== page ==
Or shorter Gardner prediction — Mississippi will always be fucked as its elites are more than happy for most of its citizens to live unstable, chaotic, poor lives. Those elites control the ballot box with the permission of the Roberts Court, they control the levers of power, and they control the basic agenda, so the Mississippi problem for liberal ends is an intractable problem.
Ha, I read that same post yesterday and posted it on Twitter. I think he’s exactly right. This is something conservatives have known for decades, hence groups like ALEC. We can’t keep ignoring the states and hope we can come up with federal solutions .. we are the Untied States now.
As of now, I have not been able to recognize a consensus of how the Court will decide King. It seems like every article (from credible analysts) that I read takes the exact opposite view from the previous. My wellbeing quite actually depends on the plaintiffs losing. It’s going to be a very intense period of time.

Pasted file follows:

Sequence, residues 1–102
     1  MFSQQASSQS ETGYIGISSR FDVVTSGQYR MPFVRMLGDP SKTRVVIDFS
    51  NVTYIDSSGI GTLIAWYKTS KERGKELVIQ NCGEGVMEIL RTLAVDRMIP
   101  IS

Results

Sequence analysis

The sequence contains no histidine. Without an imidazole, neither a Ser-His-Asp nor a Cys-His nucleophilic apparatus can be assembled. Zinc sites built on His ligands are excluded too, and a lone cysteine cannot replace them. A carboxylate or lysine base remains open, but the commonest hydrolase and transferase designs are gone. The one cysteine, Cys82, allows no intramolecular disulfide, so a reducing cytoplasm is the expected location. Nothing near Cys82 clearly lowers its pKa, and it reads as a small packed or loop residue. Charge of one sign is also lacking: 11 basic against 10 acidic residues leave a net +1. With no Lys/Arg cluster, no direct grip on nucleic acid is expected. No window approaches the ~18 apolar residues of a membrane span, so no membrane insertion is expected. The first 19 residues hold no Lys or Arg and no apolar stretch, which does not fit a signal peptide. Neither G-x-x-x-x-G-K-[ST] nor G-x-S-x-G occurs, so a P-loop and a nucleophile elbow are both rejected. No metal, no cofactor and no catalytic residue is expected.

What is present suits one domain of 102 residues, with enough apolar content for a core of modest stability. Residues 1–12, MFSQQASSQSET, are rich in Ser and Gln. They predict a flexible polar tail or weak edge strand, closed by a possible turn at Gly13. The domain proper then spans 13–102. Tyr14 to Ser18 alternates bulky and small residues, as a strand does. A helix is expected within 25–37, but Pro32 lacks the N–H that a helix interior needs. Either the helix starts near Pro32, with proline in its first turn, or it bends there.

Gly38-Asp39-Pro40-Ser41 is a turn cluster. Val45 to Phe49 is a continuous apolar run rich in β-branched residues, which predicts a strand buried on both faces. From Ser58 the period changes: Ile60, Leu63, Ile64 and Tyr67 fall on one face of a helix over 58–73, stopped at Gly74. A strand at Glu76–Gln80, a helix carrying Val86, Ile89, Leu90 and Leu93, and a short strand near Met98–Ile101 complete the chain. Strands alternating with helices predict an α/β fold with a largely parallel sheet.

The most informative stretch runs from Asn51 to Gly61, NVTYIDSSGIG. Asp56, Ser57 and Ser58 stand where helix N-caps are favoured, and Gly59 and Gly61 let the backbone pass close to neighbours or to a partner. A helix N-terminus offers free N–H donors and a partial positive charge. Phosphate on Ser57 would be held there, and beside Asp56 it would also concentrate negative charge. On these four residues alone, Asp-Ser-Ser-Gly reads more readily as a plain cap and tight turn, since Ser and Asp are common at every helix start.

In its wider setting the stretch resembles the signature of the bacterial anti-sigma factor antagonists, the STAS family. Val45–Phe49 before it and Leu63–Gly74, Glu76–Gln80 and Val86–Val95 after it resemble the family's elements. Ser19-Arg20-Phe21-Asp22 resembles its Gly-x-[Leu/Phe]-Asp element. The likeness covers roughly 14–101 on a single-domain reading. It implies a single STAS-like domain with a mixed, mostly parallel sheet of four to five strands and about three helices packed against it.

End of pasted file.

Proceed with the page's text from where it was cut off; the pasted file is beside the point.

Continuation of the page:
No, no Mississippi cannot be solved. It has resisted every effort to drag it into civilization for over 200 years and has only gotten better and better at it.
The word you are looking for is ‘triage’ the act of sorting the saveable from those who are a lost cause. That shithole and several of its neighbors fall into the latter category & it is long past time we stop wasting our time & money. Make all the federal programs voluntary at the state level. People will “vote with their feet” as the segregationists used to say. shitholes will self-identify and get worse and worse – GOOD, fuck them. Eventually the difference will be so evident it will be undeniable.
The Mississippi problem can be solved but it can never be solved with liberal solutions. This is as true today as it was in 1865.
That would be nice, but places like Mississippi receive a lot of defense money. And it’s too late to have defense spending tied to Medicaid spending, at least for the next couple of years.
This is the most depressing post, that I read today. What’s their end game? If I wanted to live in Central America, I’d move.